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- Three out, including city administrator, at Scott City; two resigned, one fired (3/16/17)1
- Several tournaments already booked at Sportsplex (3/16/17)6
- Legal discrimination complaint, ethics complaint filed in Scott City government (3/22/17)9
- Former Scott City administrator: 'I was forced to resign' (3/21/17)6
- Cairo man pleads guilty to bank murders (3/17/17)1
- Two people found dead in Advance house fire (3/21/17)
- Triplett manslaughter case set for July 2018 (3/21/17)2
- Two local lawmakers back charter school bill; Perryville lawmaker objects to measure (3/19/17)20
- Two Cape men charged with second-degree murder of Grandi (3/21/17)2
Dean's surge poses challenges for him, Democratic rivals
HOPKINTON, N.H. -- Raising $7.5 million for his campaign was the easy part. Now Democrat Howard Dean says he must urgently expand his political machine, broaden his message and soften the rough edges of his personality.
Although two of his rivals, John Kerry and John Edwards, have collected more money overall, and others have put more cash in reserve, Dean's fund-raising haul from April to June has shaken up a race that now has three distinct tiers of candidates -- but no front-runners.
His foes for the Democratic nomination are sharpening their rhetoric as Dean tries to ensure his momentum doesn't outstrip a relatively immature campaign based in Burlington, Vt.
"We're learning as we go along," the former Vermont governor said between stops in New Hampshire that drew large crowds and tested his acknowledged lack of patience.
Dean shares top-tier status with Kerry, the decorated Vietnam War veteran and favorite of much of the Democratic establishment, and former House Minority Leader Dick Gephardt, D-Mo., a Midwest populist with strong ties to organized labor.
Support for the trio is evenly divided in Iowa, site of the first 2004 voting. Polls in New Hampshire, which holds its primary a week after Iowa's caucuses, show Kerry leading, followed closely by Dean, with Gephardt back in the pack.
Gephardt, whose advantage in Iowa has slipped with donors shying from his campaign, recently stepped up criticism of his rivals. His opponents hope the strategy is a sign of desperation; Gephardt says it's simply politics.
Stepping up the criticism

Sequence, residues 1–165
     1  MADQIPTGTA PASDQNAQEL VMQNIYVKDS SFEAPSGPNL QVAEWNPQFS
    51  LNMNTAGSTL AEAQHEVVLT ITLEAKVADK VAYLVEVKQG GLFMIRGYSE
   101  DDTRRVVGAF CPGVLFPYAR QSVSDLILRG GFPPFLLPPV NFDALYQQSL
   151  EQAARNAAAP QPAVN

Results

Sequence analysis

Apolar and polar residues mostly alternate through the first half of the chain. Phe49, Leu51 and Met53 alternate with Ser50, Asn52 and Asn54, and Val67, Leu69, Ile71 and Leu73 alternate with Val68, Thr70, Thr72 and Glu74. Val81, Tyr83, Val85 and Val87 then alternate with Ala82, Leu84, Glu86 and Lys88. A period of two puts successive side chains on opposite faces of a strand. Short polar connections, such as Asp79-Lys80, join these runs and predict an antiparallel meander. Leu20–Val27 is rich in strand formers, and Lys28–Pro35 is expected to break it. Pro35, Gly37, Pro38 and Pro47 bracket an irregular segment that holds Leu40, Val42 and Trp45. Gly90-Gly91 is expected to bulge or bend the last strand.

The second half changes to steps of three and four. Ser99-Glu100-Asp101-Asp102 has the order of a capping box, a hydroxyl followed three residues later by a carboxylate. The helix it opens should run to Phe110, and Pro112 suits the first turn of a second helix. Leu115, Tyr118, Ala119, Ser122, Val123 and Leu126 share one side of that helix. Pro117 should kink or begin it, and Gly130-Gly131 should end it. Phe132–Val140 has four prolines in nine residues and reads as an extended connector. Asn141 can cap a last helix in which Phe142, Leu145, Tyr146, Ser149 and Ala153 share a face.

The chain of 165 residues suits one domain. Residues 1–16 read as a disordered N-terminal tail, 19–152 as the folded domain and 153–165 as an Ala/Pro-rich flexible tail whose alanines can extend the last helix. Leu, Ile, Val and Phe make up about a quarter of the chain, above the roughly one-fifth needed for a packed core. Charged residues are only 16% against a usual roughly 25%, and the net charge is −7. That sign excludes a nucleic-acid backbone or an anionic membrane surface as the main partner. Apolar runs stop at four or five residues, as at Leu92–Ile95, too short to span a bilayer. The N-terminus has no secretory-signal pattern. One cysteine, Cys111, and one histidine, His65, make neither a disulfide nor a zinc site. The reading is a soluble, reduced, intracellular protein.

"In any election it is necessary and valid for candidates to engage in debate or discussion about the differences in their positions," he said. "That is beginning."
Kerry, too, plans to increase his attacks, but his target is Bush.
The Massachusetts senator plans to question Bush's credibility next week by citing a pattern of deception on national security and domestic issues, aides said.
Democratic activists are watching three other candidates for signs of a breakthrough -- Sens. Edwards of North Carolina, Joe Lieberman of Connecticut and Bob Graham of Florida. None can be written off.
Lieberman, who has money problems and a moderate message at odds with many primary voters, plans to sharpen his criticism of Bush's economic record next week, aides said. Edwards, a freshman senator loaded with campaign cash but lagging in polls, will spend more time on retail politics -- his strong suit -- and innovative policies. He may begin airing ads as early as August.
Graham trails in polls and has raised the least amount of money. The next three months are pivotal for his candidacy.
Al Sharpton of New York, former Illinois Sen. Carol Moseley Braun and Ohio Rep. Dennis Kucinich are long shots.
It's clear that Dean is not going away, at least not soon. He plans to open political offices next month in Arizona, New Mexico, Oklahoma, Washington state, Michigan and Wisconsin, with other states to follow, said campaign manager Joe Trippi.
After attracting followers with his anti-war positions, Dean has begun to stress his more centrist credentials, including a fiscally conservative record in Vermont and a history of tangling with state liberals.
"Maybe they'll stop writing that I'm too liberal to be elected," Dean said Friday night as Kucinich, Sharpton and Braun endorsed gay marriage, universal college education and a federal Department of Peace.
"It's nice to be a centrist for a change," he said, grinning.
A physician by trade, Dean usually is an affable politician, but he has a doctor's sense of superiority and a governor's expectation of instant results. Both traits can make him appear prickly and intense.
Asked in an interview what he needed to improve as a candidate, Dean fired back, "Lots of things."
Are you patient enough?
"No," Dean replied. A two-beat pause, and ...
"I'll get more patient. I'm very results-oriented. I want things to work, and I want them to work now."